If you’re a thirty-something nerdy type like most of us at Finger Guns HQ, you’d have no doubt heard of Space Hulk and/or XCOM.
The former a deep an engrossing space opera set across many universes, it made a triumphant return last year to consoles, based on its board game of the same name. The latter, again being around for a while, has also spawned a couple of highly successful turn-based adventure games based on aliens and the extinction thereof.
Whilst Space Hulk does allow you to play as the alien horde as well, both examples hold the intent of the humans being the defenders of the land. So in Attack of the Earthlings, it’s refreshing to see a humorous riff on the formula, that the humans are the invading force and you’re tasked with keeping what’s yours.
Walking in my…clawed hooves
Played solely as the aliens this time around, the Swarmers, we see their home being invaded by the Galactoil company: a plummy British accented mining corporation. Very much tongue in cheek, with dialogue influenced by Handsome Jack and the likes from Borderlands, these “invaders” become the problem and solution to the Swarmers’ troubles.
Playing almost verbatim to aforementioned peers, or any similar turn-based strategy, movements and attacks are based on an action point (AP) system, between the aliens and humans. Instead of starting a mission with a team, you start as a Matriarch; a sole unit that can produce new units after a certain amount of biomass has been harvested. This is done by consuming the fallen bodies of the humans you kill, meaning you start each mission with a small sense of preservation to not getting instantly killed and slowly amassing a team.
Grunts are the first units you can produce, that have more freedom of movement, as well as being able to use vents to shortcut past an enemy (or avoid their line of sight). It doesn’t long to discover that your basic units aren’t the most resilient, especially when it comes to bullets. There is no emphasis on all-out attack here (despite being called the Swarmers), more the calculated stalking of your foe and waiting to strike when the time is right. For the most part, it usually benefits to leave the matriarch hanging back and using the grunts to explore.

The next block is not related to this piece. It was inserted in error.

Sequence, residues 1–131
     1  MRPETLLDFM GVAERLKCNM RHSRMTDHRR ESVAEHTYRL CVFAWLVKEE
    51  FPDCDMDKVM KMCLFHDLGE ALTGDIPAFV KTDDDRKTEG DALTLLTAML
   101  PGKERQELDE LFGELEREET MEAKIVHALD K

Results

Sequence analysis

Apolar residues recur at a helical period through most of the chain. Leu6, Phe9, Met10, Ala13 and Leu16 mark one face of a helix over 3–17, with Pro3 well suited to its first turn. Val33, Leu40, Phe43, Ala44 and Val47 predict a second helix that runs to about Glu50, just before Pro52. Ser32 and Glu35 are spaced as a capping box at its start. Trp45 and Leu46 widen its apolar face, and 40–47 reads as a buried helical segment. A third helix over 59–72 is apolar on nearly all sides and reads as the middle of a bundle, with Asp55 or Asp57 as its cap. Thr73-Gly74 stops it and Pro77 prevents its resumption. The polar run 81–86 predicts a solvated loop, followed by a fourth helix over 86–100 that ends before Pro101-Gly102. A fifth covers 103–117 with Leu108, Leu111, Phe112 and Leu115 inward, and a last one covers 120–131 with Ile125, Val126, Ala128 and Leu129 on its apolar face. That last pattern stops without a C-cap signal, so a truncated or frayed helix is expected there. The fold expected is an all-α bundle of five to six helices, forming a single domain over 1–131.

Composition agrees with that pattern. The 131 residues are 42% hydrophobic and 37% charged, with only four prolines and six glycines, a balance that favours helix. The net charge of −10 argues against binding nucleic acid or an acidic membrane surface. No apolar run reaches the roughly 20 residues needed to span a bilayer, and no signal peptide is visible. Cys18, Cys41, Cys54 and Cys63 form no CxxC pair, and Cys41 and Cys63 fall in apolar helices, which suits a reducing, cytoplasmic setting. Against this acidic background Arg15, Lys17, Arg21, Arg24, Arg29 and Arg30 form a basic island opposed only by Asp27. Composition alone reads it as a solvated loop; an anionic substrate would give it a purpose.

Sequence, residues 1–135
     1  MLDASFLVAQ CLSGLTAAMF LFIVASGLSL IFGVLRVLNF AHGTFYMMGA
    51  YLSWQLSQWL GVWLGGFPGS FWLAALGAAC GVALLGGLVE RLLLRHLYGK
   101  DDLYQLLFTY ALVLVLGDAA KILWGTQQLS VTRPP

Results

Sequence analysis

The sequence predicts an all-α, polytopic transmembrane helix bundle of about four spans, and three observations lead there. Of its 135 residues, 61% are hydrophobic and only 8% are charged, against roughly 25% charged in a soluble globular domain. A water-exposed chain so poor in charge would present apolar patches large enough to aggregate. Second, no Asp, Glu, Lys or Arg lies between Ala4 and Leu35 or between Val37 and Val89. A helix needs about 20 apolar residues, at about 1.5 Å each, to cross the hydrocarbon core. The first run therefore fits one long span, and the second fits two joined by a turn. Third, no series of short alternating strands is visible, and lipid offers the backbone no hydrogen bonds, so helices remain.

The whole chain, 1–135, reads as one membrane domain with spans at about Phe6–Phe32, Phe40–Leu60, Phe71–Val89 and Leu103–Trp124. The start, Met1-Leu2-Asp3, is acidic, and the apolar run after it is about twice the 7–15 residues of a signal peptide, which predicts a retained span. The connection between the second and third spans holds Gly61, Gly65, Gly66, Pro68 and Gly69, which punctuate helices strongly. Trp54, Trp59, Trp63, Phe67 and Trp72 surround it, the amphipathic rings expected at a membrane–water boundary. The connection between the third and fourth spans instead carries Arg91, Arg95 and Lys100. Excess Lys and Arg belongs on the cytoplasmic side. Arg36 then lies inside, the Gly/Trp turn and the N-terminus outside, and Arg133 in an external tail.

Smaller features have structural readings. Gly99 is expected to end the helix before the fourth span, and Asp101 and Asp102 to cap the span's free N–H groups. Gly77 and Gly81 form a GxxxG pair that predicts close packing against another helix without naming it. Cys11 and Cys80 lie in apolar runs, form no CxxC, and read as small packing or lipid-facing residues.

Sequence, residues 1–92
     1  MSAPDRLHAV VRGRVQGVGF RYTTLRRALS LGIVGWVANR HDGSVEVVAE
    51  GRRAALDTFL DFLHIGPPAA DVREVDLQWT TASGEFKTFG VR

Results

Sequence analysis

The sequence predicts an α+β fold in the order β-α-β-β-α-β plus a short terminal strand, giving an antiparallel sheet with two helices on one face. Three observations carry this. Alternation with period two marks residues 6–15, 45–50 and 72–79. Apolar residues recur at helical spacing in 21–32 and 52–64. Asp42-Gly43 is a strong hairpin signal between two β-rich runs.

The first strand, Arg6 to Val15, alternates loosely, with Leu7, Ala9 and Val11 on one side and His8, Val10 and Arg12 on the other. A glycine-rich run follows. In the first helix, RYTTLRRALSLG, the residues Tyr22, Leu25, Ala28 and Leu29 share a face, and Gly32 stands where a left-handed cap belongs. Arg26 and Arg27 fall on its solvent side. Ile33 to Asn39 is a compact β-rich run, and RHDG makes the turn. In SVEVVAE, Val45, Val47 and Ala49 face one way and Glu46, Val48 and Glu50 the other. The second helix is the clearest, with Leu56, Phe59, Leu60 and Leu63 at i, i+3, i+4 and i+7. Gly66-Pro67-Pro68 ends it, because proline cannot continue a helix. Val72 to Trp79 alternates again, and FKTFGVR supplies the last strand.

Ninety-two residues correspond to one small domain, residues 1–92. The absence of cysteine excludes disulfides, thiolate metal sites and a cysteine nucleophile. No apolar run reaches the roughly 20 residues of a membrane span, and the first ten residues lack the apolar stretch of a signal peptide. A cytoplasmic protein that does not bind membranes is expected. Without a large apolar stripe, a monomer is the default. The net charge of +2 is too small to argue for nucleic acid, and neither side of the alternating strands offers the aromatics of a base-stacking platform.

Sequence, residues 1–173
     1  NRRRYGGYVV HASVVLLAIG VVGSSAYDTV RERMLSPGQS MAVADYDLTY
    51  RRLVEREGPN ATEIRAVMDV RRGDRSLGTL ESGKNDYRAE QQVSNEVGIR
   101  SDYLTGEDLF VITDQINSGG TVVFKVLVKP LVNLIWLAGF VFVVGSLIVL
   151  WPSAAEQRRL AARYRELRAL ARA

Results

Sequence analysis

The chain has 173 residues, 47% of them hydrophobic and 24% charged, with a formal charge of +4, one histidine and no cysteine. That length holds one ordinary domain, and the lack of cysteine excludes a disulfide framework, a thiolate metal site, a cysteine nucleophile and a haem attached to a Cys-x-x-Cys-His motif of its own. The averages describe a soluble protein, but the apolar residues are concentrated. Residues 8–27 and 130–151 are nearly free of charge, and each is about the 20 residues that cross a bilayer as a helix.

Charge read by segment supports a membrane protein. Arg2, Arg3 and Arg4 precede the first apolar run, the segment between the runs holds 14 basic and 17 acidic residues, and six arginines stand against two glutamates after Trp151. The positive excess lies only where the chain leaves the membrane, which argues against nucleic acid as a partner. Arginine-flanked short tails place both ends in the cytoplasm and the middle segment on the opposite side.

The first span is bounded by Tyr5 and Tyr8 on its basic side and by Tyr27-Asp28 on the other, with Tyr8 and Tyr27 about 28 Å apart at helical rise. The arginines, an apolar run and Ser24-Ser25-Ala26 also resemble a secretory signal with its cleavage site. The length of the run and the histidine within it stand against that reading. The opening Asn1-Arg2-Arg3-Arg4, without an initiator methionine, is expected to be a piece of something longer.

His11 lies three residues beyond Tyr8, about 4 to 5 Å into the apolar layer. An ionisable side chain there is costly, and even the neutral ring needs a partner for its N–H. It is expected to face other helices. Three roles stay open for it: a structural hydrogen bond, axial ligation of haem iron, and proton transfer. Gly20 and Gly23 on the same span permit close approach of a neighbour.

Early missions don’t really present with much threat. Unharmed humans will flee if they hear/witness a kill, whereas armed soldiers can take out a unit pretty easily. As mentioned above, you start a mission cautiously with just a few units and try and negotiate through with them, or take your time and harvest more units for stability.
And I don’t wanna miss a thing
Much like the plot of that one film about miners taking out an asteroid, the Galactoil company are intent on drilling your planet for resources. The mission structure sees you climbing up the literal corporate ladder, to sabotaging the drill all the way up to the boardroom. But you’re not seeking promotion, just pure pandemonium.
Unlike its serious Space Hulk and XCOM peers, AotE has gone down the route of bright colours, exaggerated character movements and wacky dialogue. Getting a tannoy announcement about “not heating your lunches in the radiation chamber” or a reminder to stop losing limbs in machinery is, whilst funny, a weird juxtaposition against the alien murderfest. I mean, it’s not going to derail you in your mission. It’s just a nice, refreshing touch of humanisation before you rip their spines out and craft an army from the corpses.
Lampooning slasher flicks with vent-perspective camera angles, abductions whilst the other character isn’t looking, all those familiar slapstick tropes we’re so used to is actually quite entertaining. Given that Space Hulk is delivered like Shakespeare in space, and XCOM smacks of over the top patriotic jingoism, Attack of the Earthlings turns that formula on its head with its lighthearted tone.